Validation by Projection
Many of the architectures and strategies for validation apply validity checking to a particular document with a pass or fail result on the document. This assumes that the schemas used in validation are expressive enough for all the potential versions of documents including any extensions. We’ve regularly seen that the Schema 1.0 wildcard limits the ability for fully describing documents. For example, it is impossible to have a content model that has optional elements in multiple namespaces with a wildcard at the end. The choice is to either have the wildcard or the elements.
There is another approach to validation, called validation by projection, which effectively removes any unknown content prior to validation. It is validation of a projection of the XML document, where the projection is a subset of the xml document with no other modifications to the contents including order.
Using our regular Name example that defines a family and a given as children of personName, an example document with
We see that there is a middle element that is not known. As our personName example does not allow the middle, validation of the document would fail.
A projection of this document is:
We immediately see the benefits of validation by projection, which is that extra content is ignored for validation. Many more documents that are intended to be valid will be se under projection by validation. Validation by Projection is an implementation of the Must Ignore Unknown or Must Accept Unknown rules.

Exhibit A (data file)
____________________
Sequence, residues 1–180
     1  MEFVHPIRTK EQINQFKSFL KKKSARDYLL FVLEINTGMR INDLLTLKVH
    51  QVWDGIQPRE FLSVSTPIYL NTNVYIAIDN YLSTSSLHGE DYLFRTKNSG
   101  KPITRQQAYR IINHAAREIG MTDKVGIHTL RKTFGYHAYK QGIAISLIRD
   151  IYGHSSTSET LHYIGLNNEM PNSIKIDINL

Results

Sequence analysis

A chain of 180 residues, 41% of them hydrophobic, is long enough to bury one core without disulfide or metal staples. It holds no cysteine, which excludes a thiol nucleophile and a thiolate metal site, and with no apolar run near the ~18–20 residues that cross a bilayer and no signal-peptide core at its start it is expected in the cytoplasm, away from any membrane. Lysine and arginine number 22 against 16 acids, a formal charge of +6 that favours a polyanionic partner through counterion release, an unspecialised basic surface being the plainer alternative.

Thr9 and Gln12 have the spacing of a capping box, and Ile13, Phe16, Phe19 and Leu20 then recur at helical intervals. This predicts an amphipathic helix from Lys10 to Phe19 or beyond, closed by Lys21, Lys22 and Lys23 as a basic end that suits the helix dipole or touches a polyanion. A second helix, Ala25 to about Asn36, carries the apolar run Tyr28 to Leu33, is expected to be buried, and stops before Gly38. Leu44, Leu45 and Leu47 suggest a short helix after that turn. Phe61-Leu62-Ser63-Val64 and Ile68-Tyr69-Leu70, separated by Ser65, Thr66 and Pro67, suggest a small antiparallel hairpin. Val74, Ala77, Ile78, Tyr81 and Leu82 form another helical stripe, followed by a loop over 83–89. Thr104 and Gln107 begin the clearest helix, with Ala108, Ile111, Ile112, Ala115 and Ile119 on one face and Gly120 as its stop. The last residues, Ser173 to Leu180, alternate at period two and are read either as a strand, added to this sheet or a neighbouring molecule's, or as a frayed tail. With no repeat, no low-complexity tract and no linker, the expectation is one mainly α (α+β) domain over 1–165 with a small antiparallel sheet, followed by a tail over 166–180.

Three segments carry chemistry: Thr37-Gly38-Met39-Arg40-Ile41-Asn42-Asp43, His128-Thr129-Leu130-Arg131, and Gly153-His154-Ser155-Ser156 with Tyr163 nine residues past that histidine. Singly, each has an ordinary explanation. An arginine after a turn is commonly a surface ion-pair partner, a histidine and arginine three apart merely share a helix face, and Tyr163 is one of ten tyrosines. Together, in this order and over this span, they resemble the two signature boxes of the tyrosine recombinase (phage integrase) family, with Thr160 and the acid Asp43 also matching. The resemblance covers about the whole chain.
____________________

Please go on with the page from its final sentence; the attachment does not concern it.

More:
There are some complexities to the projection. The projection could ensure that unknown attributes are removed but it might need to ensure any xml: namespaced attributes such as xml:base and xml:lang are preserved. There are constraints that the projection perhaps should preserve, such as only projecting family elements that are children of personName and ignoring family elements that are children of any other element.
Part of validation by projection is determining what to project. Our name example was fairly straightforward because there is a complexType definition with only two child elements. The simplest rule for determining what to project is:
Starting at the root element, project any attributes and any elements that match elements in the content model of the current complexType and recurse into each element.
This very simple rule ignores complexities, such as excluding attributes, elements that match wildcards, and global element definitions.
The crucial aspect of validation by projection is that the Accept Set under validation by projection is a superset of the Accept Set without validation by projection. In general, the larger we can make the Accept Set, the greater the chance for versioning. Because the validation by projection Accept Set is potentially a superset of the Accept Set that can be specified by XML Schema, validation by projection will generally allow more languages changes to be compatible changes compared to XML Schema.